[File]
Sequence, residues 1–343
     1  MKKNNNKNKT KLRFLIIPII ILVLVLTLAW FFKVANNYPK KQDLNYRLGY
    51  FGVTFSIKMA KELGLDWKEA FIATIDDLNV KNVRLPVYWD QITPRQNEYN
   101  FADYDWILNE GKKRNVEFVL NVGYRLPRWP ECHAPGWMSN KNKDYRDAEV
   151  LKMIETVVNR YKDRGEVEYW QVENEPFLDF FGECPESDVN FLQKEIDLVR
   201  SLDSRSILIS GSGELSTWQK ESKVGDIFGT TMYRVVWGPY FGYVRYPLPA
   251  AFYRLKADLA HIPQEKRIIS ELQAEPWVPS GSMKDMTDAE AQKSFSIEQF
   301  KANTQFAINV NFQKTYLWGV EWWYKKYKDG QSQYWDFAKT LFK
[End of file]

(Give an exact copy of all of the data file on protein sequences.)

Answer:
Sequence, residues 1–343
     1  MKKNNNKNKT KLRFLIIPII ILVLVLTLAW FFKVANNYPK KQDLNYRLGY
    51  FGVTFSIKMA KELGLDWKEA FIATIDDLNV KNVRLPVYWD QITPRQNEYN
   101  FADYDWILNE GKKRNVEFVL NVGYRLPRWP ECHAPGWMSN KNKDYRDAEV
   151  LKMIETVVNR YKDRGEVEYW QVENEPFLDF FGECPESDVN FLQKEIDLVR
   201  SLDSRSILIS GSGELSTWQK ESKVGDIFGT TMYRVVWGPY FGYVRYPLPA
   251  AFYRLKADLA HIPQEKRIIS ELQAEPWVPS GSMKDMTDAE AQKSFSIEQF
   301  KANTQFAINV NFQKTYLWGV EWWYKKYKDG QSQYWDFAKT LFK